Preparations are well underway for a Hartlepool man’s latest world record bid – exactly one year out from the attempt.
Andy Green, who grew up in the town and is the world land speed record-holder, will hope to again break the record in October 2017.
The Bloodhound SSC driver will make the attempt at a specially-created track in Mier, in the Northern Cape province of South Africa.
Yesterday, he joined dignitaries including Bloodhound chief engineer Mark Chapman and the Northern Cape government in formally acknowledging the achievements of the Mier Community in preparing the Bloodhound track.
The local community has removed 16,000 tonnes of rock from 22million square metres of dry lake bed, which is the largest area of land ever cleared by hand for a motorsports activity.
That means Bloodhound can make an attempt on the world land speed record next year without worring about, for instance, stray pieces of rock wrecking the car and ending the effort.
Hakskeen Pan is as important to the process of setting a record as the engineering in the carAndy Green
The site, at Hakskeen Pan, was the site of Sir Malcolm Campbell’s 1929 record attempt (at 350.054km/h), and had been covered with stones before the recent work.
Mr Green said: “Hakskeen Pan is as important to the process of setting a record as the engineering in the car.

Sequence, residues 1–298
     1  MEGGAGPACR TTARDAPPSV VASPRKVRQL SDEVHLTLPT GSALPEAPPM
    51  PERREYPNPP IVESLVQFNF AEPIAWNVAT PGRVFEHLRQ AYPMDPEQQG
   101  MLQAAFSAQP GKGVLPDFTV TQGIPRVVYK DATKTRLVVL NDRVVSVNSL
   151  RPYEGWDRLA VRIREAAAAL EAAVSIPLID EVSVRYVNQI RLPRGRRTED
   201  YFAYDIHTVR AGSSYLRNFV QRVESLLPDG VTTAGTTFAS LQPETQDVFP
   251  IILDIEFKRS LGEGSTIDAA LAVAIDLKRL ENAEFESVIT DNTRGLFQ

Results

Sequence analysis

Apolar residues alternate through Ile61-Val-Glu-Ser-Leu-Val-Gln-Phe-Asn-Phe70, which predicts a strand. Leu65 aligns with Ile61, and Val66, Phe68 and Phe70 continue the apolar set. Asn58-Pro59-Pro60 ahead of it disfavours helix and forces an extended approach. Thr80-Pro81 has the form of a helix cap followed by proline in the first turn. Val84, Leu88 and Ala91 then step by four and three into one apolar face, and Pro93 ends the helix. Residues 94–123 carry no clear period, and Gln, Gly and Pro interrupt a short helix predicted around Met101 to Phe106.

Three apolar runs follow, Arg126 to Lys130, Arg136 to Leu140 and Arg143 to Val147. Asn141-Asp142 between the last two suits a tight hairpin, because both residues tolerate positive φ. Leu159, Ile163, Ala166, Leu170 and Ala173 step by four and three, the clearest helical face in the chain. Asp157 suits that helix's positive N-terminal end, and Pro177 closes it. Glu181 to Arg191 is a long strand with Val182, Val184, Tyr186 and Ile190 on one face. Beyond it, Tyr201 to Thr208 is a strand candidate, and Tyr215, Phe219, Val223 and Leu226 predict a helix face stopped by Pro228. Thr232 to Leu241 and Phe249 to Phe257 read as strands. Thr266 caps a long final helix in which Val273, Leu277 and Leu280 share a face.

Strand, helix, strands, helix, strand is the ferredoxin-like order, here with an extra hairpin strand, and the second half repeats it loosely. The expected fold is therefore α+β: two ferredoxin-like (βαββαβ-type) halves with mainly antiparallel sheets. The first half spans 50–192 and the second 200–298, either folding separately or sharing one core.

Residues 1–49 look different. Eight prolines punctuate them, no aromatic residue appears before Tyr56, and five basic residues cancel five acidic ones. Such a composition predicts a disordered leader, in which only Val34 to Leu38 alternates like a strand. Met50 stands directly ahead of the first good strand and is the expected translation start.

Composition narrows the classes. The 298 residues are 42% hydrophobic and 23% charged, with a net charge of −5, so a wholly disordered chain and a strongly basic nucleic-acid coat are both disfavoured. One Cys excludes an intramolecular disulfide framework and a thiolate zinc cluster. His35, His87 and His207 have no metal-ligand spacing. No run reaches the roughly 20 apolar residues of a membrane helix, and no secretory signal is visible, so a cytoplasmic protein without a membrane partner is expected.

“Without this place, without the support of the local community and Northern Cape Government, we would have nowhere to run Bloodhound SSC.
“The car’s wheels are designed specifically for this surface. We have laser mapped the every square metre of it, capturing over 4 billion data points, so we can fine tune the suspension.
“Ron Ayers is designing the run programme based on the length of the prepared area and number of separate tracks we can lay down within it, and so on.
“The track is one of Bloodhound’s key components and clearing an area equivalent to asix lane highway stretching from Hakskeen Pan to Cape Town, an achievement that our friends in the Mier community can be enormously proud of.”
Work had been ongoing since 2007 to find a suitable running site.
Mr Green used satellite imagery and a computer programme created by Swansea University to identify flat areas of earth potentially suitable for a 1600km/h land speed record attempt.
Mr Chapman said: “There are many ways in which Hakskeen Pan influences what we do.
“The track is 19km by 500m, with large safety areas on both sides. This allows us to lay out up to 50 individual tracks side by side.
“This is important as we can’t run over the same piece of ground twice: the car will break up the baked mud surface as it passes.
“We need multiple tracks so we can build speed slowly and safely – going up in 80km/h steps, comparing real world results with theoretical data – and Hakskeen is the perfect place to do this.”